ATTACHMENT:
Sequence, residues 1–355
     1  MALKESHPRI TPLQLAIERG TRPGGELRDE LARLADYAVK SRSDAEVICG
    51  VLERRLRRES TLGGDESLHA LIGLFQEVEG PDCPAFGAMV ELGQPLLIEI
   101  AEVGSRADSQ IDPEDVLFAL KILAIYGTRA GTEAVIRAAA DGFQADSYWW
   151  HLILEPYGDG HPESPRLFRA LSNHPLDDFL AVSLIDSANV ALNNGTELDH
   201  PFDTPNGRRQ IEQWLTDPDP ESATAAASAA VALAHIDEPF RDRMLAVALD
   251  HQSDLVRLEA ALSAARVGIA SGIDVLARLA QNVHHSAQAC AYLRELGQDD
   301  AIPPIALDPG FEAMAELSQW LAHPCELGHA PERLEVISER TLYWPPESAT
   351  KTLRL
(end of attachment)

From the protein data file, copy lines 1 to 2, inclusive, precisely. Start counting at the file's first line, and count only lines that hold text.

Sequence, residues 1–355
     1  MALKESHPRI TPLQLAIERG TRPGGELRDE LARLADYAVK SRSDAEVICG